Because it’s medicine, because it’s your muscles, because it’s our educated guess based on our historical data, based on recommendations from the FDA, we assume you need so much medication into a certain area.
Again, 20 units for frown. You come to me and you’re say let’s put in 20 units. But in the back of my mind I know that your muscle is so strong that you probably need 30 units into the frown, but you’re only willing to do 20.
Instead of coming back for the follow-up, you say it didn’t work for me. You jump to a different provider. That same provider might have the same thought process and do the same thing to you.
And rather than coming back and letting that provider learn how the medication affects you, see what you’re going for, you’re always jumping from provider to provider and that provider is trying to figure out what the heck we’re supposed to do with you, how are we going to dose you, how much we’re going to put it, where we’re going to put it.
So always follow up with your provider and secondarily, don’t jump practices unless you have a specific reason why you’re jumping practices, either you were not satisfied with provider or you didn’t like the pricing, whatever the case is.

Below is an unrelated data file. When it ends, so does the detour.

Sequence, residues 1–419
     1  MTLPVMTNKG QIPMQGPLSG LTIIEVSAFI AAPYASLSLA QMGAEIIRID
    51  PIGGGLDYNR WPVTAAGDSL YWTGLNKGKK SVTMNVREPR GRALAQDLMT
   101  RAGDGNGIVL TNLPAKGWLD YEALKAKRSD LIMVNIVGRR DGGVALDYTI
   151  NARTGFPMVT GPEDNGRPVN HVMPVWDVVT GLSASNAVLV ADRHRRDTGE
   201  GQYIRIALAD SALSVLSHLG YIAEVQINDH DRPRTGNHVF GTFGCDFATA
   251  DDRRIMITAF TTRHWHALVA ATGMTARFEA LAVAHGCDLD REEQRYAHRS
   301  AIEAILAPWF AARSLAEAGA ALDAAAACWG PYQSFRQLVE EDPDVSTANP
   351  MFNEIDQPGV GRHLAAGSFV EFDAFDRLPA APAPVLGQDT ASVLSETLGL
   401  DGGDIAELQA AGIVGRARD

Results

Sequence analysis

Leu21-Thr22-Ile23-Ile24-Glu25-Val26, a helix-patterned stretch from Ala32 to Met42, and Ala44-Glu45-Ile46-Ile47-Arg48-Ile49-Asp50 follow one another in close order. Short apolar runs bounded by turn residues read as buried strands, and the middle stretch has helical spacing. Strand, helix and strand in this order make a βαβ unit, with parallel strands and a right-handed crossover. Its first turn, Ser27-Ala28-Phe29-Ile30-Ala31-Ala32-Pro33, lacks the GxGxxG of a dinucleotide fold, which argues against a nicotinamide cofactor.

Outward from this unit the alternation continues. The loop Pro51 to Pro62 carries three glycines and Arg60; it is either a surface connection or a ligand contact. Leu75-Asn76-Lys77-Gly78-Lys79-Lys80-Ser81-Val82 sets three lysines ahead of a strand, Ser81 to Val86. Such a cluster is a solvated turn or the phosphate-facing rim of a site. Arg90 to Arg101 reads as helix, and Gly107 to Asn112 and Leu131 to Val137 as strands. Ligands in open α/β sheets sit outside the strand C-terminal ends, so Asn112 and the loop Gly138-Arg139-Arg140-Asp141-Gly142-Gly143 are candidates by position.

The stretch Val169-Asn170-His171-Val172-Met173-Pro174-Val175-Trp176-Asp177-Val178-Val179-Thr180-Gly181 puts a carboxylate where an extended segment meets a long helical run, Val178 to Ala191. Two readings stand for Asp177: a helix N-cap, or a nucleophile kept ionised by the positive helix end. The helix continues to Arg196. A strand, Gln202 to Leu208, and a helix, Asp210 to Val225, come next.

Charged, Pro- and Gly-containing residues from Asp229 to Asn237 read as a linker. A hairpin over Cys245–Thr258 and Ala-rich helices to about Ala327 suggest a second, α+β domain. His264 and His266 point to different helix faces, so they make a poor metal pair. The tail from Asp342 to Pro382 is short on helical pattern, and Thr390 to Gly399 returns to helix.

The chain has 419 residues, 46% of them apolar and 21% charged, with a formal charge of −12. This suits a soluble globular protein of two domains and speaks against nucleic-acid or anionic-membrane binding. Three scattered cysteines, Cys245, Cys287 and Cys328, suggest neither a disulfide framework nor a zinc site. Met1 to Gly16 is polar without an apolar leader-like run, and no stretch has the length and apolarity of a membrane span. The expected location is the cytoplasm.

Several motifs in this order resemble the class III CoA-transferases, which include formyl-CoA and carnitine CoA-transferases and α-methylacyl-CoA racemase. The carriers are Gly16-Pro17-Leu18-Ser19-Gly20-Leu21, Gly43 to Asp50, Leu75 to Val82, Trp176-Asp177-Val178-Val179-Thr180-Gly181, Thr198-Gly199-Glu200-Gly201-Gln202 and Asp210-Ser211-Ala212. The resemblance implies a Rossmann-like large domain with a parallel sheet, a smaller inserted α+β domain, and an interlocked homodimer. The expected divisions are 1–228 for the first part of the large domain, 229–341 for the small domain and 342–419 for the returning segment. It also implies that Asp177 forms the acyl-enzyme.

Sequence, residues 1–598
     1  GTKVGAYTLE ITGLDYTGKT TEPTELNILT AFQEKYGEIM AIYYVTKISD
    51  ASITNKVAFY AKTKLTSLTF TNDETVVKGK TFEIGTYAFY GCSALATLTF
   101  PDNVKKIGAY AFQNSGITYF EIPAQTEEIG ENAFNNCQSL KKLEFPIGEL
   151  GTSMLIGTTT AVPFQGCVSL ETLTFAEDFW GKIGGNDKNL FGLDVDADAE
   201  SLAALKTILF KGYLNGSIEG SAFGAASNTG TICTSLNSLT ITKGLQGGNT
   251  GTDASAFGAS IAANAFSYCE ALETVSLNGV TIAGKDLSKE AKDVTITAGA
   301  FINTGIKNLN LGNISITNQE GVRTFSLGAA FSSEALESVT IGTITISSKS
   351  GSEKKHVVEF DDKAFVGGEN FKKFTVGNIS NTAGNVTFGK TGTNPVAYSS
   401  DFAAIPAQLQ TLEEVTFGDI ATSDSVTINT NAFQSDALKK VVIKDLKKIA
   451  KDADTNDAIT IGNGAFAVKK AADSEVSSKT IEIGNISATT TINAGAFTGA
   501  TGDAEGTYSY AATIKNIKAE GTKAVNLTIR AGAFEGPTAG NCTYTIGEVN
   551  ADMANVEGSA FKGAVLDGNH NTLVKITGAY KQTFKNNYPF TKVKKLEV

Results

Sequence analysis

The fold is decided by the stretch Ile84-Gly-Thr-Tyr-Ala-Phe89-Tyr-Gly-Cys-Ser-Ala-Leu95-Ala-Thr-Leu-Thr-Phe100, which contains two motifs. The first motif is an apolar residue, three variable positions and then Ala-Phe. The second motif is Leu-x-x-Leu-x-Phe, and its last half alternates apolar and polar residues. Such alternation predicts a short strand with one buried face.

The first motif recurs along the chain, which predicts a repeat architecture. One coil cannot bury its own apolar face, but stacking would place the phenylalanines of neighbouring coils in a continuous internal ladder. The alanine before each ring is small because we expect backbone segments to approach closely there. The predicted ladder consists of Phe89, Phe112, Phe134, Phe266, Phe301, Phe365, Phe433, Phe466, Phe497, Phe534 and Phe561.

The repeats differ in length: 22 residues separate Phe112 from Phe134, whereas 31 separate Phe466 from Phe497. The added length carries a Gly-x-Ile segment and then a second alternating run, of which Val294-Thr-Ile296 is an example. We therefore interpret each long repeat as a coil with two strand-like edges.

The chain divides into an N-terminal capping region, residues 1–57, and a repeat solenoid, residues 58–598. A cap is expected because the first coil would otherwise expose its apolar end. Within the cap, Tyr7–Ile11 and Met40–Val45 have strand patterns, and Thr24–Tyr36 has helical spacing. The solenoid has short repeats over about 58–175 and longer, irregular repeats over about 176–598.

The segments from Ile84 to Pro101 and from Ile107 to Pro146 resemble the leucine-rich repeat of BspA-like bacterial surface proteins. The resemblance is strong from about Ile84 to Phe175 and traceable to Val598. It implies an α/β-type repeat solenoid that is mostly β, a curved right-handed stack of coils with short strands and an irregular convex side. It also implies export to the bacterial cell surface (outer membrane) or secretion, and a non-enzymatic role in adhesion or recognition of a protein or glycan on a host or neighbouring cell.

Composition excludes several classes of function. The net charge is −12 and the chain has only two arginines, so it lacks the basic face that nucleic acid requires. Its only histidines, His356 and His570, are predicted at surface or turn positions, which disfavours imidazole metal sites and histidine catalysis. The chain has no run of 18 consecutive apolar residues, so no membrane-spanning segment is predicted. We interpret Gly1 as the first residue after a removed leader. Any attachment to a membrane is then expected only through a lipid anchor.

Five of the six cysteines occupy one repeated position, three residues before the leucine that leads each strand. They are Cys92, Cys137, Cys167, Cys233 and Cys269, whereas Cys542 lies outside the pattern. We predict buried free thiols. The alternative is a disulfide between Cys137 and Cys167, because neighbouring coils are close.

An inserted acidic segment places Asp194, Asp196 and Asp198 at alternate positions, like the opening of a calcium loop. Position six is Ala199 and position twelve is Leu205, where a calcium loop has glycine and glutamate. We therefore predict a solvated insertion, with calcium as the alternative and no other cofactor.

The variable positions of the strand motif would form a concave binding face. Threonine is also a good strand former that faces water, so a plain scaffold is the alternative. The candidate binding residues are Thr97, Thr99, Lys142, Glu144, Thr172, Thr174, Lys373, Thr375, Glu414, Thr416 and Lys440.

But if you can stick to that sole provider, so both of you can learn each other, then that’s the best way to do it.
This is for long-term clients. Botox only works on the muscle. So when the muscles contract, they cause wrinkles. Every time you frown, you are causing that wrinkle. Every time you lift your eyebrows, you are causing that wrinkle.
Over time it may not just be a Botox issue or a muscle issue anymore.
Aging process is the loss of bone, the loss of collagen, the loss of muscle, loss of a lot of items.
One of the big items that people come to me for are the crow’s feet. Every time we smile, circular muscle around the eye contracts and pinches the skin right there.
Let’s assume you’re 20 or 30 years old. That’s a muscle issue, every time you smile, it contracts.
But when you age, what happens is you lose volume in your temples and you’ve seen the people when they age their temples become very hollow. Secondarily you lose collagen, which is the glue that keeps your skin nice, firm and tight.
When you hollow, your brows and your skin start falling down and in, so that’s why you get the heaviness in the eyes. When you get heaviness in your eyes you naturally create a fold right there just due to the falling skin.
Secondarily, when you smile, your cheek pushes up against your eyes. You can never fix the upward push because that’s you smiling. Unless we take away your ability to smile, you’re not going to fix that.